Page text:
Database Snafu Leaks 600K Records from Marketplace

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An online marketplace on which users trade discounted online accounts, license keys and malware has suffered a data leak exposing hundreds of thousands of sensitive records, according to vpnMentor.

Security researcher Jeremiah Fowler found 600,000 “customer support attachments” related to website Z2U, which included images of individuals holding credit cards, passports and other ID documents.

Also exposed in the non-password protected database were: payment transactions including IBAN numbers; user account logins, emails and passwords; and order confirmations showing the buyer’s name, email and details of their purchase.

Additionally, Fowler was able to access screenshots of the customer support dashboard, communications, purchase histories, account credits and refund requests.

Read more on misconfigured databases: Misconfigured Database Leaks 880 Million Medical Records.

Fowler said the platform is based in China, as was the server hosting the database in question. Z2U also has an English language site and a 4.5 rating on Trustpilot.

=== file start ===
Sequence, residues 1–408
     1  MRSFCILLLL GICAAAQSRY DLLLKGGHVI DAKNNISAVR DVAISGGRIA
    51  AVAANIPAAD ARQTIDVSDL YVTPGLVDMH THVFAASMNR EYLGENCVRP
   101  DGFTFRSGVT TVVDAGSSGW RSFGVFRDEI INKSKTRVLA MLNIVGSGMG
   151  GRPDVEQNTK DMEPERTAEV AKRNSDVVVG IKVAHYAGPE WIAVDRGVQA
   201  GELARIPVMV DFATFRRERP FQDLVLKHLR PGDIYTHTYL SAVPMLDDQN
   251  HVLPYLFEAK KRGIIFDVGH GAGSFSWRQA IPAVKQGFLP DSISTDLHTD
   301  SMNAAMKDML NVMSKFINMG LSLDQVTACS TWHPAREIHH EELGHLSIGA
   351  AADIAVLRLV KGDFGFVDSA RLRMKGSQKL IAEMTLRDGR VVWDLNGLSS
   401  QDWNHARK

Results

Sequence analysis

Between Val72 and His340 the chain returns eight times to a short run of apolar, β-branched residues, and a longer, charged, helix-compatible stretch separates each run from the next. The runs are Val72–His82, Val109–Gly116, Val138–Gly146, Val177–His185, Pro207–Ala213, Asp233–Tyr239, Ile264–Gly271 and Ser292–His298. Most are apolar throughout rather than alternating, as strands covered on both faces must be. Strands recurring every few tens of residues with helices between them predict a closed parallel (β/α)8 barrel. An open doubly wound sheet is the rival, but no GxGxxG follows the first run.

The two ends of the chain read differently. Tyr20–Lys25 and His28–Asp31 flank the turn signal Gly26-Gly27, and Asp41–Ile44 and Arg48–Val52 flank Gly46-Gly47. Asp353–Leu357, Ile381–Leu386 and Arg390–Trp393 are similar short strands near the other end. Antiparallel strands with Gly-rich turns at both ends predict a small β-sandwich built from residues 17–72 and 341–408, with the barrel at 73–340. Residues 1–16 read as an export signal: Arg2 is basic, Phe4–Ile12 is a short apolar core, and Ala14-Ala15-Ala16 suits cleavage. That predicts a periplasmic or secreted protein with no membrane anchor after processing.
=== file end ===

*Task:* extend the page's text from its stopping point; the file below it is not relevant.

It claims to be a “world leading digital marketplace trading platform” for gamers, dedicated to buying and selling in-game items.

However, Fowler’s research appeared to reveal a wide range of dubious trading activity outside the gaming world, including the sale of social media, streaming and even Amazon accounts.

“This bypasses the validation processes that many social media companies put in place to prevent malicious or fraudulent activity on their platforms. The Amazon customer (buyer) and merchant (seller) accounts sold on Z2U also pose a risk of fraud,” he argued.

“Sharing or selling accounts raises many ethical and security concerns. I saw documents indicating users on Z2U were selling HBO MAX and Netflix Premium accounts for as little as $1, and Disney+ three-month subscriptions for $5. For reference, Disney+ costs $109.99 per year, while sellers on Z2U offer access for as low as $17 per year. In the UK it is against the law for users to share their passwords for services such as Netflix, Amazon Prime Video and Disney+.”

Fowler also claimed to see Windows license keys for sale “at a fraction of the real price” and sellers “offering viruses, malware or other malicious applications.”

Access to the database was closed shortly after the researcher sent a note to the site in Chinese.

“We imply no wrongdoing by Z2U or their customers and only highlight the details of our discovery to identify real world risks,” Fowler concluded.

Infosecurity has contacted Z2U for comment and will update this story if we hear back.

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